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2012 Summer Olympics, London(Stay away if you want to remain unspoiled.)


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#46 Kathleen O'Connell

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Posted 01 August 2012 - 11:37 AM

The gender-based requirement -- among other gender-based restrictions, like the number of tumbling passes they can do -- is imposed in the scoring criteria, which require interpretation, and the basic fact that Women's floor exercise is defined as movement to music, where Men's floor exercise has no music nor requires interpretation.


Understood. I think they should change the scoring criteria. Call me old-fashioned, but I think those criteria are sexist. I can see why women's gymnastic events are different from men's -- that's driven by the real differences between the genders in matters like upper body strength, flexibility and the like -- but I can't see why women gymnasts have to be performers in addition to being athletes, especially if male gymnasts aren't expected to do the same thing. It's as if the sport's early organizers were afraid to let women just glory in their physical prowess.

And frankly, even the dancing in the 80's routines Dvora Meyers is so nostalgic for looks pretty lame. But the tumbling runs never do.

#47 dirac

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Posted 01 August 2012 - 11:45 AM

Interesting article complaining that gymnastics is not enough like dance! "gymnastics adherents yearn for more classically trained, balletic athletes who could dance and express as well as they could tumble."

//www.slate.com/articles/sports/fivering_circus/2012/07/_2012_olympics_gymnastics_female_gymnasts_used_to_be_fantastic_dancers_how_did_the_floor_exercise_get_so_graceless_.html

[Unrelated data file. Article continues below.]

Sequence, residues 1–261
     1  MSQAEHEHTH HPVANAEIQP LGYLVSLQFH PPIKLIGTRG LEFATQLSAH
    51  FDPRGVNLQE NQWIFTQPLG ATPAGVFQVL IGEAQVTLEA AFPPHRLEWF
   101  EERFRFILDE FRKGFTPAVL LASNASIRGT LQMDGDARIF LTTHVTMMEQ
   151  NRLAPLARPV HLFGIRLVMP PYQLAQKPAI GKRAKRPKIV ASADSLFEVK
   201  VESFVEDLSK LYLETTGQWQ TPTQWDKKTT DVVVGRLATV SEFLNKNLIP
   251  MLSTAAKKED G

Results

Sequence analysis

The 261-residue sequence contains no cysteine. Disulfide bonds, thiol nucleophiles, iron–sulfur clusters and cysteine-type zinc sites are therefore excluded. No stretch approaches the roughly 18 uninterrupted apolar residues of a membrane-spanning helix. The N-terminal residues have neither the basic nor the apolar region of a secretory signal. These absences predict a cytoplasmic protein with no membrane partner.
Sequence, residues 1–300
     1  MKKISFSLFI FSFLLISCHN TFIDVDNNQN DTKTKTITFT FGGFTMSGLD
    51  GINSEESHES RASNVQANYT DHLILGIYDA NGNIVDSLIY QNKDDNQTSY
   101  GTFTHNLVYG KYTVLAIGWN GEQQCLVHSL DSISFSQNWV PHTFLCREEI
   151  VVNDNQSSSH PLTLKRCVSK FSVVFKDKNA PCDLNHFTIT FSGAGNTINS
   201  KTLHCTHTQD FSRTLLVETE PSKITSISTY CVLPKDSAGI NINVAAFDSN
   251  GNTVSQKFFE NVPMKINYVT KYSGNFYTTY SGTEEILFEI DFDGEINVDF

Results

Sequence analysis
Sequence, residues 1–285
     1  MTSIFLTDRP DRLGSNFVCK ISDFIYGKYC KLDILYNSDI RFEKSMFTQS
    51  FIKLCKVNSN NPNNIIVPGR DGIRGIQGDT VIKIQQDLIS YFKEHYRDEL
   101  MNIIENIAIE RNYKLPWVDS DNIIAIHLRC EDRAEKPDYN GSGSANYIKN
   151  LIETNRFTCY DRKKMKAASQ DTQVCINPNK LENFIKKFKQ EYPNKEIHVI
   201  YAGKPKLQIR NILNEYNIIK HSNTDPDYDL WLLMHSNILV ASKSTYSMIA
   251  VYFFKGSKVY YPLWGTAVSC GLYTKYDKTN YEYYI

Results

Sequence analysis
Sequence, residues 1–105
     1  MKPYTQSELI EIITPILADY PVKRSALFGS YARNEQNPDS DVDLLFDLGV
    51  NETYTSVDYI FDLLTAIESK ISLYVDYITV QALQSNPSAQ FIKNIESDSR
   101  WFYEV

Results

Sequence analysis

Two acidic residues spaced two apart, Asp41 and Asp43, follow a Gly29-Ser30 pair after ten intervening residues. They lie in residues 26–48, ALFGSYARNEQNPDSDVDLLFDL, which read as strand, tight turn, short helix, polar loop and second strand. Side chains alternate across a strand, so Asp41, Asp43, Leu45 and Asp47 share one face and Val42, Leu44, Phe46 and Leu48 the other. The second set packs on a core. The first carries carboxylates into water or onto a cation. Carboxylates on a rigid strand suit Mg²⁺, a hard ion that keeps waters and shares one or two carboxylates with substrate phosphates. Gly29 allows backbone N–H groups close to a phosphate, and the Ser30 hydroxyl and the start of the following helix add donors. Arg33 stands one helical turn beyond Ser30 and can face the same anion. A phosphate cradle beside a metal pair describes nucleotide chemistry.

Thanks for the article, kbarber. Note that the article focuses entirely on women’s gymnastics, which as Helene notes is where the emphasis on music, theatrical makeup, and dance elements comes in. (The men can just do their tumbling passes and don’t have to bother about hip wiggles and saucy glances.)

The article is a little behind the times -the twinkle-toes era in gymnastics has been over for awhile. I like to see grace and musicality if it comes naturally but I also like the wonders that a powerful little athlete like Shawn Johnson can perform and I’m not crazy about the cutesy-wootsy Nina Pretty Ballerina mannerisms that creep in when the girls are playing too obviously to the crowd. So if those particular aspects of the requirements are de-emphasized it’s no great loss to this viewer.

The article also mentions Beth Tweddle’s great routine on the bars the other night, which US TV audiences didn’t get to see, natch.

#48 Helene

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Posted 01 August 2012 - 12:18 PM

Understood. I think they should change the scoring criteria. Call me old-fashioned, but I think those criteria are sexist. I can see why women's gymnastic events are different from men's -- that's driven by the real differences between the genders in matters like upper body strength, flexibility and the like -- but I can't see why women gymnasts have to be performers in addition to being athletes, especially if male gymnasts aren't expected to do the same thing. It's as if the sport's early organizers were afraid to let women just glory in their physical prowess.

I agree. One of the biggest differences in physical ability, though is that women are pretty much limited to tumbling, turns, and leaps, and probably a few presses, while men have the upper body strength to do planges and whatever they call it when they swing their legs around as if on the dungeon torture device pommel horse, although the total amount of time the men do these moves probably equals the amount of embarrassing "dance" movement the women do.

#49 Kathleen O'Connell

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Posted 01 August 2012 - 12:51 PM